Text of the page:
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  • March 8, 2021
  • Posted by Claude
  • Category Blog

Author: Anne Handschack

For many dog owners, dog parks are a godsend: They provide a safe, enclosed space to let their high-energy dogs run and wrestle. If a dog does not come when called or is an independent breed like a Husky, a dog park can be the only safe place to let the dog get off-leash exercise.

But dog parks come with downsides as well. Interactions between dogs may escalate into fights and the charged up energy of a group of dogs can quickly change into a serious fight.

Let’s look into whether or not you should bring your dog to dog parks – and how to determine whether your local dog park is the right place for your dog.

Not all dog parks are bad

Among my dog trainer colleagues, many condemn any dog park outright. This is not my own point of view. Dog parks can be good under the right circumstances. A good dog park has:

  • Plenty of space
  • A safe surface for running (ideally sand, wood chips or grass)
  • A set of “regulars” – dogs that visit daily or weekly

You should always pick a spacious dog park. The bigger, the better! Squeezing two dozen dogs into a tiny, 2000 square feet park is a recipe for disaster. Instead, try to find a large park that allows dogs to get space from one another.

Some dog parks unfortunately still use concrete or gravel as a surface. This can seriously injure the feet of dogs that are running wildly and playing. Your dog’s paw pads may get roadburns or become raw. Another danger with gravel parks is that a dog that likes to fetch will pick up and swallow little pieces of gravel every time he gets the ball. These can accumulate in his stomach and cause serious medical problems.

Every time a new group of dog plays together, they have to “figure each other out”. The more unknown dogs your dog meets at a park visit, the more intense and potentially stressful the visit will be for him. If you can find a park that is frequented by “regulars”, it will go a long way towards making your dog more comfortable there. You should avoid parks that have groups of new dogs there every day – instead, aim for parks where your dog has a set group of friends that he knows and likes.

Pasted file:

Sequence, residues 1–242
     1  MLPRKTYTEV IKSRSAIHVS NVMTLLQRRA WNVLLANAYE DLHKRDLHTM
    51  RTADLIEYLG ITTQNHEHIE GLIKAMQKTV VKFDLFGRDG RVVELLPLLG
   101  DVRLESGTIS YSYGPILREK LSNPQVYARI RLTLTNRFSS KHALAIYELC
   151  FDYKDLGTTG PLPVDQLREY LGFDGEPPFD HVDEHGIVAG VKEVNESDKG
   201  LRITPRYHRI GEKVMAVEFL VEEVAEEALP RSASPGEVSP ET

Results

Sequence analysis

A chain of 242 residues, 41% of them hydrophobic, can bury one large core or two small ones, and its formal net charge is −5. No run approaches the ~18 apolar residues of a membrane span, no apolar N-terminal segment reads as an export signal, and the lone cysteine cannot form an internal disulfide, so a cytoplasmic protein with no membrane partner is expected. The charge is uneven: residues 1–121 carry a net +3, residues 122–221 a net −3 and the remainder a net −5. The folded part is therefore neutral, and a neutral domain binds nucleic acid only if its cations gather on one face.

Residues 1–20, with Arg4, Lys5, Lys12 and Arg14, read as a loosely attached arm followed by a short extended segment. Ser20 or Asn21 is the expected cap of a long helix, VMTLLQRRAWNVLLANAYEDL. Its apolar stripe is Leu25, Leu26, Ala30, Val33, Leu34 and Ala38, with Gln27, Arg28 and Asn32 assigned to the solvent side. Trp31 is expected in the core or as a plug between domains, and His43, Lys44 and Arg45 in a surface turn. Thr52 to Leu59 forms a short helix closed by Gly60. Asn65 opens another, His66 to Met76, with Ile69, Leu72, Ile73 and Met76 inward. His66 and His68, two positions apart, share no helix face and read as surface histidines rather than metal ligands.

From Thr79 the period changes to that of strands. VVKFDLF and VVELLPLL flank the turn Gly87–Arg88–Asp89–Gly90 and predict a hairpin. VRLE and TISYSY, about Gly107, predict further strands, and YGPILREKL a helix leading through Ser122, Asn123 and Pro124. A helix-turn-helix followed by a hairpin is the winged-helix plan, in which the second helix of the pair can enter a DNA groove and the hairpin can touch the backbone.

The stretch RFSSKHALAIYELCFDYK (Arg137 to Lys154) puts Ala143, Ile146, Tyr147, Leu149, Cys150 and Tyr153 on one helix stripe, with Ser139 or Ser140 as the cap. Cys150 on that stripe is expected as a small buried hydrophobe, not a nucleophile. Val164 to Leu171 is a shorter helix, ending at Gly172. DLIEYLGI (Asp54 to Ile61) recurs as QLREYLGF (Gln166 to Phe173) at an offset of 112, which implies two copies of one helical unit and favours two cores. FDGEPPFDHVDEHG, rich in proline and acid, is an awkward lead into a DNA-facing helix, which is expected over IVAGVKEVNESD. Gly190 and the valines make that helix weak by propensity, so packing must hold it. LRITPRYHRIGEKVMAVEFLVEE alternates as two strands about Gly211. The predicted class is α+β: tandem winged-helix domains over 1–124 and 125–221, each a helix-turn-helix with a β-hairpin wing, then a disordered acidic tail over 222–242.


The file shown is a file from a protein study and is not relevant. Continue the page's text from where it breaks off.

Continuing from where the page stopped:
Not all dog parks are good

Some dogs should never visit dog parks, and some dog parks are outright dangerous. You should refrain from taking your dog to a park if he:

  • Has shown reactive or aggressive behavior in the past
  • Has resource guarding tendencies
  • Is an intact adult dog

If your dog has reacted negatively towards other dogs in the past, chances are he will show this behavior again when put into a group of playing dogs. If you notice that your dog park is frequented by owners who bring their own reactive dogs there, you need to absolutely stop going. It will only be a question of time until a fight breaks out.

Some dogs show resource guarding tendencies regarding their owner or their toys. Your dog may snap at other dogs when they come too close to you or a toy you brought. While such behavior is pretty common, it has no place at a dog park. If a dog at your dog park shows resource guarding, do not go there.

In the US most adult dogs are spayed or neutered. Some owners choose to leave their dogs intact. Fights frequently break out between intact dogs and spayed or neutered dogs. Intact females tend to be more “edgy” and snarly, while intact males have a definite dominant trait. This can lead to a lot of problems in a dog park. If your dog is intact he should not go to a park, and if a dog at your local park is intact you should refrain from taking your own dog there.

Understanding dog park energy

Being able to read the energy level at a dog park will go a long way towards recognizing early signs of trouble and preventing escalations between dogs.

Generally, the more dogs are in one spot and the more excited they are, the higher the chance of an approaching fight. A “safe” dog park energy would be dogs walking around and sniffing or individual dogs playing together.

If a large group of dogs is barking, running, posturing or wrestling, chances are that the friendly energy between them will quickly change into a more serious one. In this case it is best to call your dog away from the group of dogs and leave the park for the day.

Certain types of dogs are likely to bring out intense emotions in other dogs. These are usually dogs that have a high body tension, square body built, erect ears, short coat and/or a high tail set. The typical breed examples for this are Huskies or Belgian Malinois. Even if the dog is friendly and playful, his appearance is likely to edge other dogs on. Parks that have many dogs that fall into the mentioned category have a much higher incidence of fights.

Dogs that are less likely to cause fights are breeds with low body tension, floppy ears, longer coat and a lower tail set. Doodle crosses (like Bernedoodles), Dachshunds or Beagles are typical examples.

The Bottom Line

Whether or not dog parks are a good choice for your individual dog will depend on the park itself, the other dogs visiting it as well as your own dog. A spacious park that is frequented by a set of regulars can be a great place to take your dog.

Small parks with constantly changing groups of dogs should be avoided – the risk of escalation is too high.

You should always supervise your dog at a dog park and assess the energy level of the dogs playing. Certain breeds are more likely to cause other dogs to become reactive and you need to be mindful of that. A park with ten Huskies has a much higher chance of a dog fight breaking out than a park with ten Bassett Hounds.

You know your dog best – use your own judgement to determine if your local park will work for him or not!

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